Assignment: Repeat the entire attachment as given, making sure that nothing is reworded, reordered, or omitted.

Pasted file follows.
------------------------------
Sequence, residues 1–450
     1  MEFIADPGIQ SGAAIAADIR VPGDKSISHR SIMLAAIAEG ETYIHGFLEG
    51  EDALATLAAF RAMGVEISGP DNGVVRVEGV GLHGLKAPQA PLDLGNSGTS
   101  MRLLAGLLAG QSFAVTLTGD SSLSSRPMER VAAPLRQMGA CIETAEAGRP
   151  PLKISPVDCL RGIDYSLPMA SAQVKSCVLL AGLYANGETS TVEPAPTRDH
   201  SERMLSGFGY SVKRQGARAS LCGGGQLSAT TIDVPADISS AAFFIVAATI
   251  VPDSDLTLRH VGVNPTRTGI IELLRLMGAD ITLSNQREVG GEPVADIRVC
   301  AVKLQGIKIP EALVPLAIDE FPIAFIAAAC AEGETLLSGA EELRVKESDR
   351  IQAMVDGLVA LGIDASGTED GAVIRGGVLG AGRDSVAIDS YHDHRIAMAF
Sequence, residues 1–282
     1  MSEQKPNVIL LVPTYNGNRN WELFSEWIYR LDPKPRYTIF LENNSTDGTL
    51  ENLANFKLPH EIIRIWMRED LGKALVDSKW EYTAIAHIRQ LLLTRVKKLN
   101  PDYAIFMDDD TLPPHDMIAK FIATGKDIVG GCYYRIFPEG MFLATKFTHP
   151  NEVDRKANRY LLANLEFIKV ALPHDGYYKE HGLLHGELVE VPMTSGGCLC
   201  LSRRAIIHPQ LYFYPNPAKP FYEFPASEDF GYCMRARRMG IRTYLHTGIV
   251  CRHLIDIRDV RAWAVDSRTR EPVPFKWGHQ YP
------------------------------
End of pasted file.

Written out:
Sequence, residues 1–450
     1  MEFIADPGIQ SGAAIAADIR VPGDKSISHR SIMLAAIAEG ETYIHGFLEG
    51  EDALATLAAF RAMGVEISGP DNGVVRVEGV GLHGLKAPQA PLDLGNSGTS
   101  MRLLAGLLAG QSFAVTLTGD SSLSSRPMER VAAPLRQMGA CIETAEAGRP
   151  PLKISPVDCL RGIDYSLPMA SAQVKSCVLL AGLYANGETS TVEPAPTRDH
   201  SERMLSGFGY SVKRQGARAS LCGGGQLSAT TIDVPADISS AAFFIVAATI
   251  VPDSDLTLRH VGVNPTRTGI IELLRLMGAD ITLSNQREVG GEPVADIRVC
   301  AVKLQGIKIP EALVPLAIDE FPIAFIAAAC AEGETLLSGA EELRVKESDR
   351  IQAMVDGLVA LGIDASGTED GAVIRGGVLG AGRDSVAIDS YHDHRIAMAF
Sequence, residues 1–282
     1  MSEQKPNVIL LVPTYNGNRN WELFSEWIYR LDPKPRYTIF LENNSTDGTL
    51  ENLANFKLPH EIIRIWMRED LGKALVDSKW EYTAIAHIRQ LLLTRVKKLN
   101  PDYAIFMDDD TLPPHDMIAK FIATGKDIVG GCYYRIFPEG MFLATKFTHP
   151  NEVDRKANRY LLANLEFIKV ALPHDGYYKE HGLLHGELVE VPMTSGGCLC
   201  LSRRAIIHPQ LYFYPNPAKP FYEFPASEDF GYCMRARRMG IRTYLHTGIV
   251  CRHLIDIRDV RAWAVDSRTR EPVPFKWGHQ YP